It helps increase the area of the exchange surface so that it's more effective.
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What conditions does the leaf need to be in for evaporation to happen faster?
Hot, Dry and Windy.
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Where are the lungs placed?
In the Thorax, the top part of your body.
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What protects the lungs?
The ribs.
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Where does the air that you breathe in go?
Goes through the trachea which splits into two tubes called bronchi, one goes to each lung.
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What happens to the bronchi next?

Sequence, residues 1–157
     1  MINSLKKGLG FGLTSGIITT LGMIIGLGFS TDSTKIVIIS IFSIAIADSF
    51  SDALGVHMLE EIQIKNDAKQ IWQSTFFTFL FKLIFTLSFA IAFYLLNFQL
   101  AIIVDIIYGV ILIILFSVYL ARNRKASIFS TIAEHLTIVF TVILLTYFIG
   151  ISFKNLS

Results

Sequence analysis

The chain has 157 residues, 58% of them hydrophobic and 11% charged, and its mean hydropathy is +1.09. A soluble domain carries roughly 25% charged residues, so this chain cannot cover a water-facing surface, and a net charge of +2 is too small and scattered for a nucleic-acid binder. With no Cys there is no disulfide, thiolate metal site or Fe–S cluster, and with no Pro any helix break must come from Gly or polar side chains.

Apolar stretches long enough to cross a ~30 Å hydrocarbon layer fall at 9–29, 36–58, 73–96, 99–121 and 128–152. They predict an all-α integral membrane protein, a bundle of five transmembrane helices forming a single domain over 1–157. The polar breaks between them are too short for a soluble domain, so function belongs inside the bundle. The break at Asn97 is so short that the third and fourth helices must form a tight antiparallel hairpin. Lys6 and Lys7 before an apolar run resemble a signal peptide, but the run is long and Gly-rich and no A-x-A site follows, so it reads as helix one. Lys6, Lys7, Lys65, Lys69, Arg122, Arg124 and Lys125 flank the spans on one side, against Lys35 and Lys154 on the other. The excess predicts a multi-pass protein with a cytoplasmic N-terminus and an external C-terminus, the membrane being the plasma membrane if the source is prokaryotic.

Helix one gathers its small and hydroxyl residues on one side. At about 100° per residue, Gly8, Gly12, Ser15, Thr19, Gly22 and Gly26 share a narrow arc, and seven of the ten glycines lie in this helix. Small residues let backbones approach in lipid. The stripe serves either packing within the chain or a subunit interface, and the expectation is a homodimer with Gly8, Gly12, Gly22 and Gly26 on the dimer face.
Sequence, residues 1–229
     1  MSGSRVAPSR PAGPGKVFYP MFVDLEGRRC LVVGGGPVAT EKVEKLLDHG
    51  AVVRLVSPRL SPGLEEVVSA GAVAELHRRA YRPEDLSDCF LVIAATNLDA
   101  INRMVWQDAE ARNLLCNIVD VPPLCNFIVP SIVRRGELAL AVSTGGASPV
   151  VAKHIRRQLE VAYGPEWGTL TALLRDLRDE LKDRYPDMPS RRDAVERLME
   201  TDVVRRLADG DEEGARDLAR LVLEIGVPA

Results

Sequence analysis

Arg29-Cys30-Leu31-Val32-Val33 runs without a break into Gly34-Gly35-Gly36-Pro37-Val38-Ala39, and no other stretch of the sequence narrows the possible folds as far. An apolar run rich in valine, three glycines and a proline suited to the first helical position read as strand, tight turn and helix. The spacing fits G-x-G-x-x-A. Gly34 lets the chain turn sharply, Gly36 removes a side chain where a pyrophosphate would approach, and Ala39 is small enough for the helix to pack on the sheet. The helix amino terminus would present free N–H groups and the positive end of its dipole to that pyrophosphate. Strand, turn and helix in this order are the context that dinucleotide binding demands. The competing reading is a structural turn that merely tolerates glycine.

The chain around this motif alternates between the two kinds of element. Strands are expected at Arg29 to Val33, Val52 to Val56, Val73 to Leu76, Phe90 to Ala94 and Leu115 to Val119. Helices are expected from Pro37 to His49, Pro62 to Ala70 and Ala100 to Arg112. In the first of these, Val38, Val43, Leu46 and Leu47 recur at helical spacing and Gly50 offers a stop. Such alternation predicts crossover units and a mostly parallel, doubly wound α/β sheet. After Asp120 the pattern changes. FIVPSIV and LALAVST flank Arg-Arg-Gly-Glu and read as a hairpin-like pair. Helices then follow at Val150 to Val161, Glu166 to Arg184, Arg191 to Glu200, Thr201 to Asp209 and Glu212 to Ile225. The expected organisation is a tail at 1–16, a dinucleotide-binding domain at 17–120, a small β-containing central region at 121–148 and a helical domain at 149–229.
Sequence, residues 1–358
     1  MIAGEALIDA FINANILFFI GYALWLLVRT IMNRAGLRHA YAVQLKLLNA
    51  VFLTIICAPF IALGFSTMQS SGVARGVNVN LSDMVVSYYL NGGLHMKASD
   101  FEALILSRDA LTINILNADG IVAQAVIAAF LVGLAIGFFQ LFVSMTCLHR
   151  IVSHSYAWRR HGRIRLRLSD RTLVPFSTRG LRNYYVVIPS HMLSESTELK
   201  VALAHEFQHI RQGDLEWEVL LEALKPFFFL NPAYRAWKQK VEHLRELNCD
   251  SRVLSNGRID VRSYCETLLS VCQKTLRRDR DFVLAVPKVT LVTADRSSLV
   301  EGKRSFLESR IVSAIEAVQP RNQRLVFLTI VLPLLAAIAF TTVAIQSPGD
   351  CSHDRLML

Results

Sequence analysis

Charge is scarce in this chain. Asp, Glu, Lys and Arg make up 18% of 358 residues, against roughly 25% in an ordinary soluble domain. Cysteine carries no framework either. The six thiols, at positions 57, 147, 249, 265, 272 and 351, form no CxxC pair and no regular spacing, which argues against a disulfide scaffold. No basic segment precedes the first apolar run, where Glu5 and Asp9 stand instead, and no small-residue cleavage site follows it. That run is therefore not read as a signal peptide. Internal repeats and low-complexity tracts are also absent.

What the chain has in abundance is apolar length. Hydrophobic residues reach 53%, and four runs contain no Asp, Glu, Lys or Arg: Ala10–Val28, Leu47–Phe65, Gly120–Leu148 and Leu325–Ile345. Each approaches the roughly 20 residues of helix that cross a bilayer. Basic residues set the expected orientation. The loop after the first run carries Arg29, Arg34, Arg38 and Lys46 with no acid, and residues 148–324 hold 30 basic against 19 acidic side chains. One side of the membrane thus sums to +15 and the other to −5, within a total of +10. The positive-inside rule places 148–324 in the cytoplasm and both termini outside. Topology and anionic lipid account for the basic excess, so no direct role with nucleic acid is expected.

They split into progressively smaller tubes called bronchioles.
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Where do the bronchioles end at?
They end as small bags called alveoli where the gas exchange takes place.
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What is ventilation?
The movement of air into and out of the lungs
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When breathing in, what happens to the intercostal muscles and diaphragm?
They contract
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When breathing in, what happens to the thorax?
Thorax volume increases
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When breathing in, what happens to the pressure?
The pressure decreases, drawing air in.
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When breathing out, what happens to the intercotal muscles and diaphragm?
They relax
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What happens to the thorax when breathing out?
Thorax volume decreases
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What happens to the pressure when breathing out?
The pressure is increased so air is forced out.
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What are Ventilators?